The interface between language and ethnicityDate Released: Tue, 31 May 2011 14:18 +0200
What distinguishes the ways that people from different ethnic groups speak a second language, and how did they come to speak in those ways? This is the main question that acclaimed sociolinguist Professor Pieter Muysken will answer in a keynote presentation to be made at the opening of the 'Interactions and Interfaces' conference hosted by Rhodes' Department of English Language and Linguistics from 26 to 29 June in Eden Grove.
Prof Muysken hails from the Netherlands, where minority groups from a wide variety of different nations including Surinam, Morocco and Turkey each speak their own, slightly different, varieties of Dutch. He has led a recently-completed six-year project investigating these varieties, which are known as ethnolects. Among other things, Prof Muysken's group was interested how much these ethnolects were based on local colloquial varieties of Dutch, and how much they drew from 'interference' from their speakers' home languages in the countries they came from, or influences that came from the process of learning Dutch. Were speakers of ethnolects able to shift to speaking Standard Dutch or local colloquial varieties of the language? In short, what are the interactions and interfaces between these ethnolects and all the other varieties of language their speakers come into contact with?
Prof Muysken is the chair of the Languages in Contact group of the Linguistics department at Radboud University in Nijmegen in the Netherlands. Interestingly, Radboud University shares the abbreviation 'RU' with Rhodes University: their web address is www.ru.nl. At Radboud University, Prof Muysken is in charge of a veritable web of research projects investigating contact between languages from a variety of points of view over different timespans and in locations across the world. He has published books on sociolinguistics and historical linguistics in English, Dutch and Spanish, often focusing on South American languages. Most recently, he has co-edited a book entitled Subordination in Native South American Languages with two colleagues.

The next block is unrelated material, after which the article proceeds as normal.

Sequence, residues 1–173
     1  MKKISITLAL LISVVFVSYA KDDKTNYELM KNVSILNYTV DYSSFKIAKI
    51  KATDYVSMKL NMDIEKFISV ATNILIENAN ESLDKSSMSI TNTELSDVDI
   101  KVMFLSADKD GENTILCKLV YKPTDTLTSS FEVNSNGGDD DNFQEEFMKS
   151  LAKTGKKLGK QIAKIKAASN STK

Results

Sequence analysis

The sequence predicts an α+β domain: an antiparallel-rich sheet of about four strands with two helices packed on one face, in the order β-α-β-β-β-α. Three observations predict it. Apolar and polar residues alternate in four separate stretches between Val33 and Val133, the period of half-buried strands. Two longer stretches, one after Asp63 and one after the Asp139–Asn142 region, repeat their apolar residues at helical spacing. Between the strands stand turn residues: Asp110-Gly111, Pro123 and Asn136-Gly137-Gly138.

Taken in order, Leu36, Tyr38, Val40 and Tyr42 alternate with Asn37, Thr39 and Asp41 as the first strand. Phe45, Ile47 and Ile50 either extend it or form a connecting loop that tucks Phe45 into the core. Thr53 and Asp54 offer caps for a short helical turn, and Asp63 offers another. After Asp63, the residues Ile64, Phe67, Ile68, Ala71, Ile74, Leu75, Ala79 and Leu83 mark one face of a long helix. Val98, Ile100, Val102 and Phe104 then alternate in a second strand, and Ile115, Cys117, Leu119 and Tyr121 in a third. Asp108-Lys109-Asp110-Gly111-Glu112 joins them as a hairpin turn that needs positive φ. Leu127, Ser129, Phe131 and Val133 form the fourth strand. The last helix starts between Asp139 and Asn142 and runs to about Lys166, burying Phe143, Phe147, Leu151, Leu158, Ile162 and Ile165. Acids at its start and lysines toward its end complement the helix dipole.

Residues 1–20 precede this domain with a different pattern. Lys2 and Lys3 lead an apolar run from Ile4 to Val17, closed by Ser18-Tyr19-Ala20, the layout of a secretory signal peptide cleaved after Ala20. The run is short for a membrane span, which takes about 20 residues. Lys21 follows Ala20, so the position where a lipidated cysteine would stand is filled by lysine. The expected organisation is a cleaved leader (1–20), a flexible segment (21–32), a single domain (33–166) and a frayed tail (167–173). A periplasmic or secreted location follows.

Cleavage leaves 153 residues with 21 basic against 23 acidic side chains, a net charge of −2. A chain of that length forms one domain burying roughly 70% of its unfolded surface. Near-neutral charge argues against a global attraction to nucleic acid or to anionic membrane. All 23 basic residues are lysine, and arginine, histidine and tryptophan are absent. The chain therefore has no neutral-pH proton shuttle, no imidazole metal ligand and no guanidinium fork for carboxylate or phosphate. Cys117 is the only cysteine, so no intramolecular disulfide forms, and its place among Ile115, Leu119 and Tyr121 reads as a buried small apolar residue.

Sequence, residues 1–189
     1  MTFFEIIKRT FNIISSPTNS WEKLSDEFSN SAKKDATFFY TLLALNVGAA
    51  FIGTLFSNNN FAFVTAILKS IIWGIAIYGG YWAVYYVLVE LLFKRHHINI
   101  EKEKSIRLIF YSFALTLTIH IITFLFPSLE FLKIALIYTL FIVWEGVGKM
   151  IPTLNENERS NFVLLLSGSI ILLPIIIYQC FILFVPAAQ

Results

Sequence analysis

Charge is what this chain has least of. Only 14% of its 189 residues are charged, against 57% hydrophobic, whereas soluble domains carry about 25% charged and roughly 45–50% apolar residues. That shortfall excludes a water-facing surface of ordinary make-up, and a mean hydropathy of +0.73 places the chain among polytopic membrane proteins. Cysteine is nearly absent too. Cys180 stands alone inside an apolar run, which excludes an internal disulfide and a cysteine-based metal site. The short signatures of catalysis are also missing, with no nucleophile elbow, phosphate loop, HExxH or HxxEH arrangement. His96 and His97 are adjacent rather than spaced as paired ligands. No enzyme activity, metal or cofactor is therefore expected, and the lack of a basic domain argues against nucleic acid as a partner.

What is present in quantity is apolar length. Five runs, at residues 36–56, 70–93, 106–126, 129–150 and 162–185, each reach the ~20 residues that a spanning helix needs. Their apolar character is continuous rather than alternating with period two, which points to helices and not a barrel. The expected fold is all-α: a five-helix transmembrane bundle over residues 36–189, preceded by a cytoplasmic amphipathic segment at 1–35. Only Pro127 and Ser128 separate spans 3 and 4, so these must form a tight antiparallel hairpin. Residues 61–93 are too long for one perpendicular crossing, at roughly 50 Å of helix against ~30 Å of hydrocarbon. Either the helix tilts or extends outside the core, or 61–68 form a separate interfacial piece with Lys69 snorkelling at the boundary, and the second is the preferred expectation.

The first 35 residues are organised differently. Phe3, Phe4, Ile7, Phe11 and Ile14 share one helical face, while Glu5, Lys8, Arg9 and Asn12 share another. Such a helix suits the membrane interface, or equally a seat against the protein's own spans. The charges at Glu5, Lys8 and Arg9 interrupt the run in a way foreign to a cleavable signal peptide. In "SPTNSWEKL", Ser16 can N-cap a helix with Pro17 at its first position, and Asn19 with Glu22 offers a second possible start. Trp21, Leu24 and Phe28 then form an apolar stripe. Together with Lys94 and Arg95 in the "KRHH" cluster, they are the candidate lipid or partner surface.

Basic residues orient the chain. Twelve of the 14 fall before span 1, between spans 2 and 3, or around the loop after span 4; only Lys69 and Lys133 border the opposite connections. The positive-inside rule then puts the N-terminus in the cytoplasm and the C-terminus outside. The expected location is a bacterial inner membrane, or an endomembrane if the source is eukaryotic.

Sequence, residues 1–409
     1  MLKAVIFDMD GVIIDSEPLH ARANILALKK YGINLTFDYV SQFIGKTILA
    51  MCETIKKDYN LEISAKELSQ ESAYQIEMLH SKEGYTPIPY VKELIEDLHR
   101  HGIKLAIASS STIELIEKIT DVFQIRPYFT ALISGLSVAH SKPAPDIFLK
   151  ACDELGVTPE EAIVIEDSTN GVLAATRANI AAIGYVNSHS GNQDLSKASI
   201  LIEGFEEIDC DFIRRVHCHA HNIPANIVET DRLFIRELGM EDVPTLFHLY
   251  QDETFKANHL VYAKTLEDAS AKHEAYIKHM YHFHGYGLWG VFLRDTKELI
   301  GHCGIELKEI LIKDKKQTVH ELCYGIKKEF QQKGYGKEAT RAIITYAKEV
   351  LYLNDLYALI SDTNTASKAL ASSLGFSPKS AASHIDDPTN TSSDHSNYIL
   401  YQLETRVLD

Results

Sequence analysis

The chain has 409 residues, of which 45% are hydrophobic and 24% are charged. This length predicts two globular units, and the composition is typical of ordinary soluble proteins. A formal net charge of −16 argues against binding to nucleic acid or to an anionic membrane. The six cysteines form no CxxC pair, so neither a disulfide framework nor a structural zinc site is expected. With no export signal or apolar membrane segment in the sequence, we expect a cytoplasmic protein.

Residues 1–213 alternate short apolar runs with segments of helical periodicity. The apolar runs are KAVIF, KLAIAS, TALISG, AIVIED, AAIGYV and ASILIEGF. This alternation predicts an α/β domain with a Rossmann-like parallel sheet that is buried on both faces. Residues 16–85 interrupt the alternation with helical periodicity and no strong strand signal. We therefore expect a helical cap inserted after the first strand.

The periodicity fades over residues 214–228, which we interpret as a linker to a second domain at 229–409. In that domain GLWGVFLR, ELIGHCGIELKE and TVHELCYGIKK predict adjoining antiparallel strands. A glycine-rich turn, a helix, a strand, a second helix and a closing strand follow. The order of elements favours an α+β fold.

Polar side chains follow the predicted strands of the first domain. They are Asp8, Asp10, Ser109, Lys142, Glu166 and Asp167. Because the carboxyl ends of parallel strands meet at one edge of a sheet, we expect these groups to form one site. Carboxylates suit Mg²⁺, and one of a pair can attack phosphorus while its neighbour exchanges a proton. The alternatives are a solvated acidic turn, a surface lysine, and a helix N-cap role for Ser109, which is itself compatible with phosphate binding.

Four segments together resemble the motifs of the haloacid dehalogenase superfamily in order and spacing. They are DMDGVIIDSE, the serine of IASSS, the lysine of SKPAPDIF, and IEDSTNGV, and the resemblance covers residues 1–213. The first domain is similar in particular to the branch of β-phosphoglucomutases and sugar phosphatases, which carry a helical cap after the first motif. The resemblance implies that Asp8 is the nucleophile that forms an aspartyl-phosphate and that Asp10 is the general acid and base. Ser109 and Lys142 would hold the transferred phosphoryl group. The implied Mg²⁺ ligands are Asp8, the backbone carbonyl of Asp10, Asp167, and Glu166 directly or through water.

The Interactions and Interfaces conference is this year's edition of the annual conference held by the Linguistics Society of Southern Africa (LSSA), Southern African Applied Linguistics Association (SAALA) and the South African Association of Language Teachers (SAALT), combined with the second international English Pronunciation: Issues and Practices conference-within-a-conference (EPIP 2). The conference will bring together linguists from not just southern Africa, but all over the world, to discuss interfaces and interactions between different theories, different conceptions of language, different languages and, indeed, the interactions between people.
For more information about the conference, visit http://www.linguisticsconference2011.co.za/
Prof Muysken's keynote address will take place after Vice-Chancellor, Dr Saleem Badat's speech at the opening event of the conference, which begins at 6:00pm on Sunday 26 January in Eden Grove.